Q: I work in a small public library. I feel that I should be including books with gay, lesbian and transgender content in our collection, but I’m afraid of the possible repercussions. I’m not certain the board would support such books if a challenge arose. I’m especially worried about collecting picture books. What do you suggest I do?
It can be scary to purchase materials that you think might create a stir. And you aren’t alone with this concern. Good for you for knowing you shouldn’t let your fear stand in the way of fulfilling the library’s mission to serve everyone in your community.
Remember that your job in selecting books is guided by your policy. And that policy was approved by the library board. The public library and its board have an ongoing commitment to serve all community citizens with materials in many formats on many themes and topics. So when you are choosing materials with gay and lesbian content, you are helping to fulfill the mission outlined in your policy. You are doing your job.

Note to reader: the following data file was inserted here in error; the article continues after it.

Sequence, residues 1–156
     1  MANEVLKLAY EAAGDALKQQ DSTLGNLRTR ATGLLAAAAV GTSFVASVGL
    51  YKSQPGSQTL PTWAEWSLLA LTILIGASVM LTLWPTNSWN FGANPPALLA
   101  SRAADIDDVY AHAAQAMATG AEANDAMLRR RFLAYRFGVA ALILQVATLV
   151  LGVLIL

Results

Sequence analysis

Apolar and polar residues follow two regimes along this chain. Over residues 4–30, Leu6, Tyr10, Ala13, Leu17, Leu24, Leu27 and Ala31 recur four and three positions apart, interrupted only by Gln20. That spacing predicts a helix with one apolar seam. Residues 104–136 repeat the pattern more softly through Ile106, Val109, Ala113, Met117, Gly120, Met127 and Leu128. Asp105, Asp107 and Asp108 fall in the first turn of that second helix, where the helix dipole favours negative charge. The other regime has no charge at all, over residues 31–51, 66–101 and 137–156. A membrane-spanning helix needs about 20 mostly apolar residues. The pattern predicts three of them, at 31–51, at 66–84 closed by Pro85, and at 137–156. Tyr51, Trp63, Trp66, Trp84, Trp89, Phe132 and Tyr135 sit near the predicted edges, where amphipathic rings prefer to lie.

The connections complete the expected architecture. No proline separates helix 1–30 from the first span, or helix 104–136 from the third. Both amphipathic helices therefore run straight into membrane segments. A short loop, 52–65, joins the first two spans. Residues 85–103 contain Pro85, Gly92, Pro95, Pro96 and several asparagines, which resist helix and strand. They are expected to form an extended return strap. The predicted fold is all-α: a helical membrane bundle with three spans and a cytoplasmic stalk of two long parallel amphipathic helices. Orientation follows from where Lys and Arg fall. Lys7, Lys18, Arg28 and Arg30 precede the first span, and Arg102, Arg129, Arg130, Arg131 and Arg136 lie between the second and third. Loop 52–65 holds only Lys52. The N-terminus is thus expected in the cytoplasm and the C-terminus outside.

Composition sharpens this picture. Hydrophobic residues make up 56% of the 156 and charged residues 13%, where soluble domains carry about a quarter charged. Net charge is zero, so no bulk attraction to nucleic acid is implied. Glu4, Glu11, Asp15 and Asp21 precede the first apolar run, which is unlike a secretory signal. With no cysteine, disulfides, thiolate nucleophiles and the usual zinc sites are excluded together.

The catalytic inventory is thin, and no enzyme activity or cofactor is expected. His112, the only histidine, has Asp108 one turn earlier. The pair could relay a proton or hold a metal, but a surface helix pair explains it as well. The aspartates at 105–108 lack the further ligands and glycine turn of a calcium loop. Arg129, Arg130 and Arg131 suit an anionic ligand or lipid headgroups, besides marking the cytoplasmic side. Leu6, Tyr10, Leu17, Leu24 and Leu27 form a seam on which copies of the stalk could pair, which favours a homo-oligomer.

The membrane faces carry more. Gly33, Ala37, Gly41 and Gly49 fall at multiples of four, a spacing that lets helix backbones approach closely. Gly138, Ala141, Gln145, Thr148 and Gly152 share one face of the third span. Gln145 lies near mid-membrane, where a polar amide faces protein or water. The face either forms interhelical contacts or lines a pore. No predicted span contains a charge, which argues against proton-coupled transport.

Community members do differ from each other, even if they might seem to be remarkably similar in many ways. Whether or not members of your board are aware that gay individuals live in the community, or that individuals with gay family members and friends live there, every library –large or small–has a responsibility to provide materials for everyone in the community. All library users in a democratic society deserve to see their realities and values reflected in the library books they are free to choose – or not choose – to borrow and to share with their young family members.
Of course this no guarantee that your board will support keeping a particular title if it is challenged. But don’t assume such books will be challenged. And don’t assume the board won’t support them if they are. Focus instead on your responsibility: to uphold your policy and fulfill the library’s mission by serving the community as a whole-in all its diversity. That is something in which you can take great professional pride.
Because you most likely have a small book budget, you’re probably already selecting books for young children that are recommended by reliable professional resources such as the ALA/ALSC Notable Children’s Books list and others, and professional review journals such as Booklist and School Library Journal; resources such as these and Children’s Catalog, which recommends books for public libraries on various themes and topics, will help you identify materials that you and the library can support.